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Mike Templeton November 5, 2009 at 2:36 pm

I think the BusinessWeek article and the Corporate Executive Board is moving in the right direction on this, but I think we are caught up in semantics. Social media as a communication channel is certainly strategically relevant. If you don’t understand how this style of communication impacts your business as a whole (or how it fits in with your other efforts), you will end up with a mess of activities that don’t measure up to anything.

When the article talks about social media as “another set of tools,” I believe they are referring to the tools themselves: Twitter, Facebook, blogs, wikis, etc. Those are a set of tools that are to be mastered (in terms of how they are used and what they do), but a social media strategy looks at the results those tools will produce and how they match up to the organization’s objectives.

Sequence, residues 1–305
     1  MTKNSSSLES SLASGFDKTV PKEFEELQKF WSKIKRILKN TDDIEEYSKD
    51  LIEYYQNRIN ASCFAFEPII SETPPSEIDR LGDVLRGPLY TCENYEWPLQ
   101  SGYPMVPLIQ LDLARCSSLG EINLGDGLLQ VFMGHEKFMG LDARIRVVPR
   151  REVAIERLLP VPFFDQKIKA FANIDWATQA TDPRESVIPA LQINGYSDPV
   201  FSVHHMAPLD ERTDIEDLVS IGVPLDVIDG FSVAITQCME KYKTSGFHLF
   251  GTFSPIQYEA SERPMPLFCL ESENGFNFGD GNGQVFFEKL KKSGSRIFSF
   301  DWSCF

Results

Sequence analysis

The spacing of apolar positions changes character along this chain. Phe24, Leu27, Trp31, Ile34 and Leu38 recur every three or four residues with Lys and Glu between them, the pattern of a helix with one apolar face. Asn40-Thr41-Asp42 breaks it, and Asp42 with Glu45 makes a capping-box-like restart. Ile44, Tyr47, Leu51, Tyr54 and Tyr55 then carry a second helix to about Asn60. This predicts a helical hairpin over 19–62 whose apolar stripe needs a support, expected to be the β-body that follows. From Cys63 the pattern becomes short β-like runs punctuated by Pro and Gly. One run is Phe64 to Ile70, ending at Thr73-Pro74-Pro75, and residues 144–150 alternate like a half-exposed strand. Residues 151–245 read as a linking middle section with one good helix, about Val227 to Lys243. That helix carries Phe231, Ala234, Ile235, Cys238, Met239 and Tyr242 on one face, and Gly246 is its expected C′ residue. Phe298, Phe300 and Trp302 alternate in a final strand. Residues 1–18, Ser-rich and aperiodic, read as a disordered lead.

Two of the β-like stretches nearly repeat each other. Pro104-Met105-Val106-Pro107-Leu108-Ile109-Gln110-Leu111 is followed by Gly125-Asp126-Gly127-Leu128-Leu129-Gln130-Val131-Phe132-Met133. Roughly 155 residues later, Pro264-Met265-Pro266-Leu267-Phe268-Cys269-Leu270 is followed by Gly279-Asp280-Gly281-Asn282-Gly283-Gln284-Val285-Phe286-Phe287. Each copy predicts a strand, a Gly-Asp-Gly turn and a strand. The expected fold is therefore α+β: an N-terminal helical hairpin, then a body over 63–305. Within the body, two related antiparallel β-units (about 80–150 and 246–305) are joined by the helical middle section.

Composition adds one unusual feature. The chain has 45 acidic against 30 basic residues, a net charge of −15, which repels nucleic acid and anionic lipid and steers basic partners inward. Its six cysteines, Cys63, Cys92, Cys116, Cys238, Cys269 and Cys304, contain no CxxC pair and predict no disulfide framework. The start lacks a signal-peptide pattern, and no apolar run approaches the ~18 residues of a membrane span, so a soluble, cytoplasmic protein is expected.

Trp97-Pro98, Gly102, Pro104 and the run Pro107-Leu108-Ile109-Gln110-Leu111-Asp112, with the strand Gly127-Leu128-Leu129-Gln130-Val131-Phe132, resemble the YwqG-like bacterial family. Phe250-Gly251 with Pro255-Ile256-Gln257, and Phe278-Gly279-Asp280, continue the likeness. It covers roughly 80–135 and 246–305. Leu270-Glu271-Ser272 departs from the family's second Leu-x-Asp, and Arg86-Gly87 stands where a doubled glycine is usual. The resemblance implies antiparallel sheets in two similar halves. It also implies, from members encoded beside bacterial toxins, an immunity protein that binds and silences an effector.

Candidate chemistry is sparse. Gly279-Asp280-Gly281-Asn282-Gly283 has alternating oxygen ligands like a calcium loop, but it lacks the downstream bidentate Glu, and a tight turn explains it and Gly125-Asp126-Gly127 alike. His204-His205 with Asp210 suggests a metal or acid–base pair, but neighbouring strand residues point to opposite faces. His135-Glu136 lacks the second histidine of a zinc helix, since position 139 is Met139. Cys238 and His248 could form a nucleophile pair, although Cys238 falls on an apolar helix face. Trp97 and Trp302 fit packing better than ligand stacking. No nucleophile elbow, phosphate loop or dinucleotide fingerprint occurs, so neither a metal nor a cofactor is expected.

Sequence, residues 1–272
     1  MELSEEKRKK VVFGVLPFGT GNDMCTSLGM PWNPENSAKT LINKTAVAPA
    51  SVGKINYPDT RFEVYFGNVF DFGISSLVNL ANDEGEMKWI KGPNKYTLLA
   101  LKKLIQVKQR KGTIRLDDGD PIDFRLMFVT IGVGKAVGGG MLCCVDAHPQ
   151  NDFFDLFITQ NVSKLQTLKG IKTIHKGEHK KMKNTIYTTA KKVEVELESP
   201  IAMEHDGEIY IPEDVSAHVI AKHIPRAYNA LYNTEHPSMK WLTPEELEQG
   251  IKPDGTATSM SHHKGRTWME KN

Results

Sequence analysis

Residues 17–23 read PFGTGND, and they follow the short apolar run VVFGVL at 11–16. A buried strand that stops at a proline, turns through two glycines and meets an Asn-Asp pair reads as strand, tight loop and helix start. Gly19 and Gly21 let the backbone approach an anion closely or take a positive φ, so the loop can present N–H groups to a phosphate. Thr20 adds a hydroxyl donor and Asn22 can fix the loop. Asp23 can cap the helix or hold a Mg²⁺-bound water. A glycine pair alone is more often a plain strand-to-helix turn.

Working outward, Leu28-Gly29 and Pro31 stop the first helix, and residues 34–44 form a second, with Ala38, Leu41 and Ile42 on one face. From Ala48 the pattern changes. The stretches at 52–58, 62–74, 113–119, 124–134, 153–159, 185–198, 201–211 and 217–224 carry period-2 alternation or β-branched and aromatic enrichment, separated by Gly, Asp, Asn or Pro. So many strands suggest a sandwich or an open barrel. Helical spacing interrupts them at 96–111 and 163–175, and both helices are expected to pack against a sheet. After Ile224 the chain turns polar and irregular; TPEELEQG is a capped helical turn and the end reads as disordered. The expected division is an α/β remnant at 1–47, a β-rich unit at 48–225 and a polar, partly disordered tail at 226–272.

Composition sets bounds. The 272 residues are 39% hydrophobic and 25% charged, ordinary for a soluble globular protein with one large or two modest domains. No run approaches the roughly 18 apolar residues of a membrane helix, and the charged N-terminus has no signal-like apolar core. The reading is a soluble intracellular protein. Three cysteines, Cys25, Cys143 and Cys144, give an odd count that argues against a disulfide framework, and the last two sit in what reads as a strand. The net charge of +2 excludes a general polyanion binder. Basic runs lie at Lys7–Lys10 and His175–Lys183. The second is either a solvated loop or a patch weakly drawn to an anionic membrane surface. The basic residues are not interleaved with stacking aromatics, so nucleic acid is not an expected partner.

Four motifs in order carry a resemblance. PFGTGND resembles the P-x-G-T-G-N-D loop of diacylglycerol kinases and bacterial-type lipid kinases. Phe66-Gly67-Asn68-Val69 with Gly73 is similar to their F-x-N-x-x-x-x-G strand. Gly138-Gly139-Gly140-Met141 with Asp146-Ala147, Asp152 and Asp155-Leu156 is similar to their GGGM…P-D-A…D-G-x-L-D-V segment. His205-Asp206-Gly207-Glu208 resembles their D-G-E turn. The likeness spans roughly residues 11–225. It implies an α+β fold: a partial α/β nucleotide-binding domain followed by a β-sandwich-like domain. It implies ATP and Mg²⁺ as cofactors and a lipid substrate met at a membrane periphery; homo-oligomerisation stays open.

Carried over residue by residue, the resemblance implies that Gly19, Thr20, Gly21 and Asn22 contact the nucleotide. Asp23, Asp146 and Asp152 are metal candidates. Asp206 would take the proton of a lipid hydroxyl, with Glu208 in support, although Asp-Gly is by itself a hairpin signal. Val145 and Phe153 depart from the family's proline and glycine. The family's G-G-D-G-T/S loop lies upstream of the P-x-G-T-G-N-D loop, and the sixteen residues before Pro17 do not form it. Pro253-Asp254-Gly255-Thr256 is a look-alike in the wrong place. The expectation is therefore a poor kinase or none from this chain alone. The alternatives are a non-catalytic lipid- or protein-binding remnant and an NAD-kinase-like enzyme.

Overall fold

Also, relegating things like Twitter and Facebook to “tool” status is exactly the way to approach these platforms. The reason to treat them as tools and not to develop a “Twitter strategy” is because everything will change in a few short years. Your business needs to understand the style and method of social media–how it is different from the way things have been done before–because that is what you will carry forward, no matter what the tools are.

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